thoughtful, emotionally fleet and powerfully recorded
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Carl Philipp Emanuel BACH (1714-1788)
Sonata in B flat major H513 Wq 77 [15:46]
Sonata in C minor H514 Wq 78 [19:27]
Sonata in G minor H545 [9:40]
Sonata in B minor H512 Wq 76 [16:53]
Amandine Beyer (violin)
Edna Stern (fortepiano)
rec. Studio Bohemia Music, Prague, 2005
Notes in French, English and German
Reissue from Zig-Zag ZZT050902 ALPHA 329 [61:46]
CPE Bach sits on the boundary between the late Baroque and the Classical periods. He even hints at the self-expressive style of the young Beethoven. He was hugely influential on his younger contemporaries, even more so than his celebrated father Johann Sebastian. His brother Johann Christian is now more played, despite being a lesser figure. So this disc is welcome for reminding us of his early contribution to the important genre of violin and keyboard compositions. Each of the four sonatas makes for absorbing listening and no purchaser is likely to regret buying this, so long as they are not expecting it to sound as the composer would have expected. The pieces are tuneful, lively and at times quite passionate. It is no wonder Beethoven was impressed. Bach's writing is noticeably more elaborate and sophisticated than in earlier violin works. There is even a suggestion that Brahms was influenced by some of the material development. He did perform the keyboard part of Wq78 in concert in 1863.
The recordings are clean and clear with the violinist placed centrally in front of the fairly large modern-copy Walter piano, well played by the excellent Edna Stern, a professor of piano at our own RCM in London. French baroque violinist Amandine Beyer produces a very focused sound without any inappropriate tonal glamour. The piano is much less convincing and makes this CD only "sort-of" historically informed. It is described in the booklet as a "fortepiano by Paul MacNulty (sic) after Walter". Looking at McNulty's website he lists three Walter models, none earlier than 1790. CPE Bach wrote these works mostly in 1763 and died in 1788. When he died he left no keyboard instrument nearly as modern as this and indeed expressed a lifelong preference for the clavichord. It makes me wonder, if the producers of this issue simply used the only available "period" instrument and did not, or could not, utilise anything more appropriate. This matters because the balance between instruments would be greatly changed if the chosen keyboard were smaller and quieter, as it would be from circa 1765. There is much discussion over the best keyboard for these pieces and it has to be either the harpsichord or early fortepiano. The clavichord, for all that it was a favourite, would have been much too quiet. At the time of his death, we are told, Bach had, amongst many harpsichords and clavichords "a fortepiano or clavecin royal by old Friederici, in oak, with a beautiful tone." Christian Ernst Friederici's instruments were so-called "square pianos", or as he called them "Fortbien", and far quieter and more bell-like than the two metre long Walter instrument used here, which sounds altogether more like a modern piano. CPE was so fond of Friederici's keyboards that he acted as a salesman for the maker. There is no stronger suggestion, if not proof, that this would have been what he expected in performances of these four fine sonatas. Interested listeners are urged to hear David Owen Norris playing one of Johann Christians concerti on a Zumpe and Buntebart instrument of the correct vintage. It is truly another world of sound. Avie AV0014.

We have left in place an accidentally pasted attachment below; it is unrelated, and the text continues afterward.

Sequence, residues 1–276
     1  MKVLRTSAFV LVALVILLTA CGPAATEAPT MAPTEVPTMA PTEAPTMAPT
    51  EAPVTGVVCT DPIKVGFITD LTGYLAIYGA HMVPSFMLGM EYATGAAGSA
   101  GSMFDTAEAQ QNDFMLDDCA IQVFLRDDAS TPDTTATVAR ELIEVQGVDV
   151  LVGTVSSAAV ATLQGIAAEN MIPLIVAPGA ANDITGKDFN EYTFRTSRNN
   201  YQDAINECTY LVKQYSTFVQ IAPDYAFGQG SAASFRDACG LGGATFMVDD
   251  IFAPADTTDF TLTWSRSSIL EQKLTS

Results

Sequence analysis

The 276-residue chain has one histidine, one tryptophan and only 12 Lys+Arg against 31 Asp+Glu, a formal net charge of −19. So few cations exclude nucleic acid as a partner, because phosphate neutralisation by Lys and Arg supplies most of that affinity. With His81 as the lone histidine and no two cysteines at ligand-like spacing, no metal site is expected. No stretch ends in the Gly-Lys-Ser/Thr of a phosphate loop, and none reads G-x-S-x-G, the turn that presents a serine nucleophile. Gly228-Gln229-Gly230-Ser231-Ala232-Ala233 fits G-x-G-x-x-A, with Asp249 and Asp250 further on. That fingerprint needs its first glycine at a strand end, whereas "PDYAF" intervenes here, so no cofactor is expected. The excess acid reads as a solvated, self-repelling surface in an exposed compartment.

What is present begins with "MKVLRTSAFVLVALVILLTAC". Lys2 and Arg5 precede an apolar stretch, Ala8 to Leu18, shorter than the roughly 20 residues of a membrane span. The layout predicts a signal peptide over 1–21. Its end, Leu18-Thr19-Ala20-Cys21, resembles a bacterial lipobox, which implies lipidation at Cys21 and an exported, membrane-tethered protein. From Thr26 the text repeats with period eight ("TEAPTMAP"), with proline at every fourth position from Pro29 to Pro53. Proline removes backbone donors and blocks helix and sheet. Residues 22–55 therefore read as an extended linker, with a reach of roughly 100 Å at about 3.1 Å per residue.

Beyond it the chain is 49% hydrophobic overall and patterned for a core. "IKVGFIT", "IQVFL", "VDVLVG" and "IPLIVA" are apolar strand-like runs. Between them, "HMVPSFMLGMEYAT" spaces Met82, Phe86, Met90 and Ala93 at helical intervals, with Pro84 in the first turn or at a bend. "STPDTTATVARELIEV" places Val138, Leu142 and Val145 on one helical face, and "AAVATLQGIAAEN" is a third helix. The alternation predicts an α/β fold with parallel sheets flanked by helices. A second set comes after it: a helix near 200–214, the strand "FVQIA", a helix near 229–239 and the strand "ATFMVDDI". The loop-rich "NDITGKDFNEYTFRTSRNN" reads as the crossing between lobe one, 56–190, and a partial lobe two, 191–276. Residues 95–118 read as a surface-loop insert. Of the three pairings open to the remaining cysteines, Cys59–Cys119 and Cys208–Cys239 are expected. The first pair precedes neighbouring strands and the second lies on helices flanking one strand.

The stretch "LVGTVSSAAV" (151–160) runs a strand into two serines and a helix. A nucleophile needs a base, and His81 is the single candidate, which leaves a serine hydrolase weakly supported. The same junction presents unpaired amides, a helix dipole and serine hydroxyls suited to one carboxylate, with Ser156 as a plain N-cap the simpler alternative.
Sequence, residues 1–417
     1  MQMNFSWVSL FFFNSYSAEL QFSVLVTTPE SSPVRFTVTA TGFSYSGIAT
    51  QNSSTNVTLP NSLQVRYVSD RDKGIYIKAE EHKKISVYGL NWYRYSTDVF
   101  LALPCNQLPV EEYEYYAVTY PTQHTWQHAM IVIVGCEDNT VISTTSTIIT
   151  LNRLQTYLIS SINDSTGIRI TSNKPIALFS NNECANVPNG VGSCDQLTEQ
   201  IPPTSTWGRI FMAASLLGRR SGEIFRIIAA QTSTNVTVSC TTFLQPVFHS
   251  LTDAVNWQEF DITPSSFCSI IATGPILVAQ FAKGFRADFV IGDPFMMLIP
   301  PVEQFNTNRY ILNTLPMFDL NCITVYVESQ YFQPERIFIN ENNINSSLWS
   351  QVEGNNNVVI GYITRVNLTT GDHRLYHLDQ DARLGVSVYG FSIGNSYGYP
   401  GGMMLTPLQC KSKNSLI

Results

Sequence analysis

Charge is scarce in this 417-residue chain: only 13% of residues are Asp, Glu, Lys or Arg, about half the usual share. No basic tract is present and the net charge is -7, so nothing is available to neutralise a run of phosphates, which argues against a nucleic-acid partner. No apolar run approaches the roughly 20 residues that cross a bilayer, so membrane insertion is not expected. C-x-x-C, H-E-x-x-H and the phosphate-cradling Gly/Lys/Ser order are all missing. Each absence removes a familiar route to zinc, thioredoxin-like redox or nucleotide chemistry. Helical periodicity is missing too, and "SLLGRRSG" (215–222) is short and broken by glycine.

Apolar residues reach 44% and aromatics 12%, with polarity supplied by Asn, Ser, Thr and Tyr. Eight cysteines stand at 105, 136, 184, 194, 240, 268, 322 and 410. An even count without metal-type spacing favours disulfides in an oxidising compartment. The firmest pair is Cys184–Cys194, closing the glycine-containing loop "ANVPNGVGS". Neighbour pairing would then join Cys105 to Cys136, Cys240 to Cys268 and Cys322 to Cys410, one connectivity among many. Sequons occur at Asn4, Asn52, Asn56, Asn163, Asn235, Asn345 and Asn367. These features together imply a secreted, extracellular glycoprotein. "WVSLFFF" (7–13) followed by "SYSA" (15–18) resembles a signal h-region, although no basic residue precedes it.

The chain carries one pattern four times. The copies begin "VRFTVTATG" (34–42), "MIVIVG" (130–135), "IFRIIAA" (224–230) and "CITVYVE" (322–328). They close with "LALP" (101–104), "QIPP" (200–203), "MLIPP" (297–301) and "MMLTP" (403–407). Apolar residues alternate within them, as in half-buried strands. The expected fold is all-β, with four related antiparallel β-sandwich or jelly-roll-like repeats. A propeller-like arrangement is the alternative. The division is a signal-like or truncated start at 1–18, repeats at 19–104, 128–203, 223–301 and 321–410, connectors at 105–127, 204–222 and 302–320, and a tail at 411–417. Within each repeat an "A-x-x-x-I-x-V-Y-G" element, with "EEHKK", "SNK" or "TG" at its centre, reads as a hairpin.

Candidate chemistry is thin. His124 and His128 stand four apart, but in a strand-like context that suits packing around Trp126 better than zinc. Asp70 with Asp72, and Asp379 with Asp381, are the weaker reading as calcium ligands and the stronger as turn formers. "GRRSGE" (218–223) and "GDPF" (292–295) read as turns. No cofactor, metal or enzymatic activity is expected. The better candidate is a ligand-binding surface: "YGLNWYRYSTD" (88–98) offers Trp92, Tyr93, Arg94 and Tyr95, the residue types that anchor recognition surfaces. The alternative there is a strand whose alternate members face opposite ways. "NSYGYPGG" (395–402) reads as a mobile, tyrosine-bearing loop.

I really wanted to enjoy this issue more than I did, but my attention was constantly shifted away from the violin line to that of the over-powerful and anachronistic Walter.
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